When attempting to understand Android Runtime, I came across the wikipedia page. The graphic shown there adds to my confusion. If .dex is getting converted entirely to ELF, why is ART needed anymore?

Once an application is compiled by using ART's on-device dex2oat utility, it is run solely from the compiled ELF executable; as a result, ART eliminates various application execution overheads associated with Dalvik's interpretation and trace-based JIT compilation

My understanding is that ART converts .dex to ELF and the code should run natively. With ELF, is a virtual machine still involved? With ART, does the android application stack look like -

Android Apps
ART (executing ELF)

Am I understanding this correctly? Should I see ART as an OS that provides services to the ELFed Android App?


2 Answers 2


While OAT file is an ELF file, it is not your usual executable ELF with everything in it including the entrypoint. It actually has a small number of symbols that are beginning and end of a binary blob which in turn contains the executable code of compiled methods. Now which methods should be called or when is all determined by runtime.

How it all works - a class is loaded. There is a C++ object that represents the Java object that is that class. Then an instance of that class is created. That's another C++ object. Than a method of that object is called. You find the object's class and find the method entrypoint (which is the compiled code). That code calls some other method - for that you will return back to runtime code, find another object and its class and call the new method again. There are no direct calls between methods (that I know of).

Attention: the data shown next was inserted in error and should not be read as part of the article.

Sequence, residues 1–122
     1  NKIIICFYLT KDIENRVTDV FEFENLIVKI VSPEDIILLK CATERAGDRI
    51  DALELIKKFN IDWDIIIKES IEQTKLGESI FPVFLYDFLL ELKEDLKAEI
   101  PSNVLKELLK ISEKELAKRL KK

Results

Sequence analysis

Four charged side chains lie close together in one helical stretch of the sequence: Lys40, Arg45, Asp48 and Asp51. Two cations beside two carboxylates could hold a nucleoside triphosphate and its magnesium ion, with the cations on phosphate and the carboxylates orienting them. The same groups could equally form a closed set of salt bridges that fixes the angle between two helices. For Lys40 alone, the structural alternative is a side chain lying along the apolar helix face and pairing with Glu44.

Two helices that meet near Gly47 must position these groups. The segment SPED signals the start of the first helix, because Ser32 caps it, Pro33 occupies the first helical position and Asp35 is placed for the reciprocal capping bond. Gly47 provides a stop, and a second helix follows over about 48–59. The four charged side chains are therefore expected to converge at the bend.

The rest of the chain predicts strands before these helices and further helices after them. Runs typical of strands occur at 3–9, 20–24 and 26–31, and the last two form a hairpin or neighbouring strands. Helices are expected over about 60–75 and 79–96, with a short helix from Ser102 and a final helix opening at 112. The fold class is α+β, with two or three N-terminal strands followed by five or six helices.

All this linking and resolution is actually done at each application start. Bootclasspath stuff is initialized once and then the process is forked so the children don't have to re-init bootclasspath (it's a bit more complex than that because of boot.art actually).

So the ART is still a JVM and OAT files are just some intermediate representation of some pre-compiled code. The fact that they are ELF files doesn't help much - could be something else.

P.S. Actually OAT file also contains all the DEX files which were used to create it. It is needed to construct the classes and methods. It is also possible to run application in interpreter mode when it actually executes DEX instructions directly.

  • Ah, okay, so even the method dispatch code is not inlined but part of the runtime? May 29, 2015 at 12:59
  • Each art method has an "entrypoint from compiled code" which in turn usually points directly to compiled code. It is possible that some method calls are inlined in the boot classpath because boot.oat is loaded to a fixed address unlike other oat files. This does interfere with step-by-step debugging thought and there was a commit somewhere that did fix this by reverting from "selective deoptimize" to "deoptimize everything" when debugging boot classpath things.
    – aragaer
    May 29, 2015 at 13:27
  • Interesting, thanks for the explanation. I never thought about what a design for a mostly static implementation for a mostly dynamic language ("dynamic" in the sense that all code loading, most method dispatch, and consequently all linking is dynamic) would look like. I'm only familiar with HotSpot, JRockit, J9, etc. which are mostly dynamic implementations and typical C++ implementations which are mostly static but for a mostly static language. ART is the first I have looked at which is mostly static for a mostly dynamic language. (Others are Excelsior.JET and GCJ, but I don't know them.) May 29, 2015 at 13:56

ART is the Android Runtime, and in addition to the (static) AOT compiler which compiles Dalvik bytecode to native machine code, it also contains all of the runtime services that an Android program needs: the memory allocator, garbage collector, reflection system, core classes and interfaces, etc.

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